Vallotton’s people are stereotypes personalized by highly specific expression, gesture and posture rendered with utmost economy. See the different reactions rippling across the sea of upturned faces at the bottom of “The World’s Fair VI: Fireworks,” as strands of light descend into the night sky.

Black increasingly overpowers white. In “Money,” from the 1898 Intimacies series, a young woman in white stands at a window, her face a study in quiet anguish. A not-young man in black stands very close, his hand open. He could be offering money for sexual favors, or delivering news of the couple’s bankruptcy. Either way, it’s bad, and underscored in purely visual terms. The man is one with the solid black of the room behind him, which is most of the print.

Vallotton does much of his best painting in the late 1890s and early 1900s, when he added some of his own narrative tension to the textured paint handling and soft colors of the Nabis. The bereaved mood of “Woman in Purple Dress, Under the Lamp” of 1898, focuses on the blank, masklike face of the seemingly numb woman, modeled by Hélène Chatenay, Vallotton’s companion of a decade. She is seen in their apartment, slumped on a sofa above which hangs Vuillard’s “Large Interior With Six Figures,” a recent gift from that artist. Her face is dejected, a gray mask; her arm rests woodenly on the table before her, as if paralyzed or wounded.

Vallotton also sought to imbue his paintings with the prints’ extreme simplicity and aggressive blacks, now offset by strong bright colors, especially red. One standout is “The Visit” (1899) a velvety vignette of a man welcoming a woman into a hushed apartment at dusk. In the shadowy “The Visit by Lamplight,” two women sit, shrouded in inky ominousness, rendered with paint handling so uncharacteristically brusque it recalls Walter Sickert, the British painter of disquiet.

After 1900 Vallotton seems to go into a decline that steepened after 1910. It’s hard to be sure because with around 40 paintings and as many prints, the show is not definitive. It doesn’t help that the effort — organized by Dita Amory of the Met and Ann Dumas of the Royal Academy of Arts — has shed 10 paintings since it was seen in London last summer. Most were important; several were unlike anything here.

The change in Vallotton’s art is often attributed to his marriage, in 1899, to a wealthy woman, by which he joined the haute bourgeois he so despised. It also removed two anchors: his relationship with Hélène Chatenay and his prints. He could afford to paint full time. He also became the reluctant stepfather of three children, a predicament encapsulated in “Dinner by Lamplight” (1899), a darkened scene in which the artist depicts himself as semi-present — a cardboard-thin silhouette — facing the bright curious face of a little girl across the table.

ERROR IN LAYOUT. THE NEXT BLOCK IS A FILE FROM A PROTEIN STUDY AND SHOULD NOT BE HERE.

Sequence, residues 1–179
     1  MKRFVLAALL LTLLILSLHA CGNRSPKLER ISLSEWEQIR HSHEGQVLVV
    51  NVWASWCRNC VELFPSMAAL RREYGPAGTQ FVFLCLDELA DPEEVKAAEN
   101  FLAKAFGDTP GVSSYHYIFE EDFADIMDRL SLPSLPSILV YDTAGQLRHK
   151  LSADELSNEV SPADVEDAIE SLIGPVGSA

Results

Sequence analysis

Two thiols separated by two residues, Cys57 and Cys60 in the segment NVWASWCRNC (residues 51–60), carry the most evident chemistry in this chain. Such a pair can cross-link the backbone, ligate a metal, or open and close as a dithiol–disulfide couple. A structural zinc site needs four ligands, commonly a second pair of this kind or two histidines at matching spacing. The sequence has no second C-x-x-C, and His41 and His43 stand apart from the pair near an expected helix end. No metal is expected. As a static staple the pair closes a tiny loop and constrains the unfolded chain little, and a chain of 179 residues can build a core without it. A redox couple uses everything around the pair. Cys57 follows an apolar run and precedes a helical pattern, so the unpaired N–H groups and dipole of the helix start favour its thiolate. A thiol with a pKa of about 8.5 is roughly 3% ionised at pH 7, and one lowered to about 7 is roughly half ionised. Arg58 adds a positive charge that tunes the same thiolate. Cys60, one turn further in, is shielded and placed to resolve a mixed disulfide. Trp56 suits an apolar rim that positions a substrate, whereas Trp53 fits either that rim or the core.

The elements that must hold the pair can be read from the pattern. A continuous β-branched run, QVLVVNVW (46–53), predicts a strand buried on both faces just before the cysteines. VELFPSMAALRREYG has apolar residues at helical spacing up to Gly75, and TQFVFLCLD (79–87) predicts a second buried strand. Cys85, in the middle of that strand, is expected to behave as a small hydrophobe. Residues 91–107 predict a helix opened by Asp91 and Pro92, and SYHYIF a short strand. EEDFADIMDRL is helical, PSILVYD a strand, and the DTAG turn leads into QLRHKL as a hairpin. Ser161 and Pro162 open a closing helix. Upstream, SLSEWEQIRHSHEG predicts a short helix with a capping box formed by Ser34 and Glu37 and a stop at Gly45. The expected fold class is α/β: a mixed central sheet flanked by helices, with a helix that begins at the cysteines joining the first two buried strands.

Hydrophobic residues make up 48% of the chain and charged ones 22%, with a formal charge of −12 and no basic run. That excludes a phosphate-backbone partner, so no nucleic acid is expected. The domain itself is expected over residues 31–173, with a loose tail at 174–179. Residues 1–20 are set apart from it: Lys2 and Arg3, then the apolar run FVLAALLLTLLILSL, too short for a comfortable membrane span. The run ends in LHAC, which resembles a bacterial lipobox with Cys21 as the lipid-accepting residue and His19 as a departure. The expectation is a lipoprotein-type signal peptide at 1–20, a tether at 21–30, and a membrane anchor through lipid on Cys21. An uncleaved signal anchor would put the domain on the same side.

A rising animus toward women reaches a zenith of sorts in “The Chaste Suzanne” of 1922, which verges on cartoon kitsch and reverses the biblical tale of Susanna and the Elders, casting the woman as a sly trickster. Two decades into his marriage, Vallotton mused in his journal, “What great evil has man committed that he deserves this terrifying partner called woman?”

But three paintings from after 1900 stand out for their size and ambition, if also their increasing academicism. The first is marvelously strange: “The Five Painters” (1902-03), a group portrait of the Nabis (Vallotton included). The dark-suited artists almost merge with the dark background, while their stiffly painted hands, faces and hair treatments, stand out. It is a little as if Vallotton were trying to outdo Rembrandt’s group portraits by way of Rousseau.

Next is Vallotton’s 1907 portrait of Gertrude Stein, an exercise in too-solid gleaming flesh and a conservative answer to Picasso’s brilliant proto-cubist portrait of the writer. The Met owns the Picasso and has added it to the show. The battle of old against new is, surprisingly, a draw.

Finally, Vallotton’s “The White and the Black” (1913) takes a limp pass at inverting the power dynamic of the imperious white courtesan and black maid of Manet’s “Olympia.” Here the nude white woman is a drowsy innocent. Her worldly black companion, dressed in blue-green silk, sits at the end of the bed, thinking and smoking. It’s a confounding picture, conceptually arresting — visually, not so much.

As the first extensive Vallotton show in New York in decades, this exhibition is invaluable, despite its problems. It reintroduces an artist who achieved early greatness in the relatively modest medium of prints and then either failed or declined to follow a single path in painting. His work is a fascinating, frustrating thorn in the side of the modernist ideal of wholeness.

© 2020 The New York Times Company